By Dave Lindorff
I’m ready to call this election. It’s going to be a big win for Barack Obama.
I know this because of a story I heard from an employee of a major polling organization. He tells of a poll worker who was interviewing homeowners in a small town in central Pennsylvania, part of that “real” American hailed by Republican vice presidential candidate Sarah Palin. The man knocked on the door, and when the woman of the house answered, told her he was a pollster and wanted to know how her household planned to vote in November.
The woman turned and yelled into the house, “Honey, how are we voting this year?”
From inside the house, a male voice yelled back, “I guess we’re voting for the n-word.”
The woman turned to the stunned pollster and, without a hint of embarrassment, said, “I guess we’re voting for Obama.”
Simply put, Obama has won the racist vote, a core Republican constituency since the late 1960s.
Indeed, it is likely that instead of the famed “Bradley Effect” (named after the Mayor Tom Bradley of Los Angeles, who famously lost a race for California governor which the polls said he would win handily), according to which some white voters supposedly tell poll takers they are voting for the black candidate in a race for fear of appearing racist, while in fact they plan on voting for the white candidate, the opposite is going to occur. That is, there are probably many white racist voters like the one in this small Pennsylvania town, whether in some northern suburb or village, or in Southern states like Virginia, North Carolina or Georgia, who are fed up with the Bush years, want a change, and are planning to vote for Obama, but would not want their friends to know they were voting for a black man. Call it the “Obama Effect.”
If I’m right that this anecdote is reflective of a broader phenomenon, look for just the opposite of what we saw happen in the 2004 election, when the exit polls and the networks were calling the election for John Kerry, and in fact key states like Ohio, supposedly solidly in the Democratic column, went for Bush. (Sure there was voting machine chicanery, but there were also problems with the exit polls.) This year, if there are substantial numbers of white voters who vote for Obama but sheepishly tell exit pollsters that they voted for McCain, we may hear that races are close, or that states are going for McCain that will ultimately, when the actual votes are counted, go for Obama.
In a broader sense, even based upon the pre-election poll numbers we are seeing, with Obama ahead in Virginia and North Carolina and within the margin of error in Indiana, Georgia, North Dakota and Montana, what seems to be happening in this election is the collapse of the long-successful Republican strategy of using “social issues” and fear-mongering, particularly fear of African-Americans and immigrants, to convince white working class Americans to vote for a party whose interests were and are clearly against their own. Republican campaign ads and candidate speeches are larded with code words that seek to appeal to those fears: “pals around with terrorists,” “don’t know who he really is,” “anti-American preacher,” “wife not proud to be an American,” “community activist,” “socialist,” “not really born in America.” But they’re not working. Neither is the old Republican nostrum of cutting taxes for the rich on the pretense that it will lead to jobs for the poor. When McCain charges, as he has been doing frantically of late, that Obama has been outed by “Joe” (sic) the Plumber as a “socialist” and that he will be taxing the rich "to spread the wealth around,” most people today are probably thinking, “Hey, that idea of spreading some rich folks’ money around sounds pretty good to me!”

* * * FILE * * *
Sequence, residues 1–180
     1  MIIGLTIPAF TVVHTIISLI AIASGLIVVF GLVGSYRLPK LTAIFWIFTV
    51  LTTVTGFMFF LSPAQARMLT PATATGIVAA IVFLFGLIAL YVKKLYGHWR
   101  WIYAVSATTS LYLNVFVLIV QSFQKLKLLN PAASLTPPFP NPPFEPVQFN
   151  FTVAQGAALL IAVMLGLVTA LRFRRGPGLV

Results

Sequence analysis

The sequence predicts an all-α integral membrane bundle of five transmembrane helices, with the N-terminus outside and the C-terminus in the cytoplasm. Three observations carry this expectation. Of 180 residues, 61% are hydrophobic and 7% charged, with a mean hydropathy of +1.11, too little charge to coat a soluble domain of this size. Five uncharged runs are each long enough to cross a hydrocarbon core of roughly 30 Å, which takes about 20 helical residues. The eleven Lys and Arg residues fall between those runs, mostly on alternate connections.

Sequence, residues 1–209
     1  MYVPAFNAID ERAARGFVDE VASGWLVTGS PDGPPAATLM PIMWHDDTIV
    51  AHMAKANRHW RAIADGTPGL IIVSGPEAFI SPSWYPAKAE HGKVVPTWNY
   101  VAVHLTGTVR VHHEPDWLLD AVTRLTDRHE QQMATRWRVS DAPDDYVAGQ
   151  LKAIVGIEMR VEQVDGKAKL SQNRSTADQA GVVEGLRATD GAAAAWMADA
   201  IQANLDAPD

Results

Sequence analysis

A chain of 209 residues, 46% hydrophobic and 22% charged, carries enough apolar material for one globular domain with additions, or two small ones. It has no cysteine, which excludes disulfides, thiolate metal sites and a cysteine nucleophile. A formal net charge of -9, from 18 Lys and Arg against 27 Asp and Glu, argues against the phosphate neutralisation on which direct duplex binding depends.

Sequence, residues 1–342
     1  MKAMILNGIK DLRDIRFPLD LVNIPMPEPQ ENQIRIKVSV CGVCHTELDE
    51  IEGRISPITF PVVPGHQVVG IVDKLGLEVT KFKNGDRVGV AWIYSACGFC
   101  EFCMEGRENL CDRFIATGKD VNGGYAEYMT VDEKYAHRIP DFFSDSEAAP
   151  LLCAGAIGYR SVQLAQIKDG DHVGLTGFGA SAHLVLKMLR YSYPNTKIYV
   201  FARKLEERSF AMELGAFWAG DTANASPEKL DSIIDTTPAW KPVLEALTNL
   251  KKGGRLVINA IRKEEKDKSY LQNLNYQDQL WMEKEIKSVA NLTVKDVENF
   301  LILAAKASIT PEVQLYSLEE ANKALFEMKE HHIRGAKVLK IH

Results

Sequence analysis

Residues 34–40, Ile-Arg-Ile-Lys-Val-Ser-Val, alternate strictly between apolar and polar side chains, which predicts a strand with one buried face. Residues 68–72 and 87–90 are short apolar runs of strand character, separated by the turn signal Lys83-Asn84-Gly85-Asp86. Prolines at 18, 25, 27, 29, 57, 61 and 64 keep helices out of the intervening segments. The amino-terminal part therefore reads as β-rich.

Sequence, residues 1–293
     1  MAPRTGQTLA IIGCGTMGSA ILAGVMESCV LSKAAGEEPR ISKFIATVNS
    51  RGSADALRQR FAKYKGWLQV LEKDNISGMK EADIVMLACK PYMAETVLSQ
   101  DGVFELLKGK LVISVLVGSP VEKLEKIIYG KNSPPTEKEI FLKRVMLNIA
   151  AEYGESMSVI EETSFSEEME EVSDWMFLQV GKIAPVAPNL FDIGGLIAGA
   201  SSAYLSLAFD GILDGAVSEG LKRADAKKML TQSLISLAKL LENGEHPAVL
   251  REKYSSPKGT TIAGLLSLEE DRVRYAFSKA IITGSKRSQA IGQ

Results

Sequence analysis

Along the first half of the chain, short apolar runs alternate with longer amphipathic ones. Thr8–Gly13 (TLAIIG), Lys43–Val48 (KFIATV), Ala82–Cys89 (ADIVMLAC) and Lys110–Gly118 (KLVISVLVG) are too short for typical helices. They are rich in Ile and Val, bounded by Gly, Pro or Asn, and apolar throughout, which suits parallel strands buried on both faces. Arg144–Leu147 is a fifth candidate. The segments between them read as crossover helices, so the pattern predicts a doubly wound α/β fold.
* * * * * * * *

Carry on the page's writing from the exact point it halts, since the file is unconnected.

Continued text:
That is to say, Obama’s populist rhetoric, whether it is sincere or not, and particularly his promise to cut taxes for most Americans while raising taxes on the wealthy and on the large corporations, and to make college and health care affordable to all, is winning over a large number of Americans, including many who for decades have been responsive to Republican fear- and race-mongering and to Republican "free-market" ideology.
There are many people on the left who argue that Obama and the Democrats are a sham, and that they won’t really tackle taxing the rich and corporations in any serious way, or offering real help to struggling working class Americans. They may well be right. Certainly the flood of campaign contributions from Fortune 1000 corporations suggests that corporate America will have a big seat at the White House table in an Obama administration, as they do already in the Democratic Congress. At the same time though, the rhetoric of this campaign is setting up a major expectation among millions of ordinary voters for real progressive action on economic issues. This hope, given continued organized political pressure after November 4, could lead to real action.
I would argue that when the real “Joe’s” and “Jane’s” of America, the ones who have been suckered in for years by cynical Republican fear-mongering and race-baiting campaigns finally turn away and vote for hope—even if that hope is being over-sold--it creates the chance for a real movement for progressive change in the country.
At any rate, it certainly looks like my theory will be put to the test come Inauguration Day.
DAVE LINDORFF is a Philadelphia-based journalist and columnist. His latest book is "The Case for Impeachment" (St. Martin's Press, 2006 and now available in paperback). His work is available at www.thiscantbehappening.net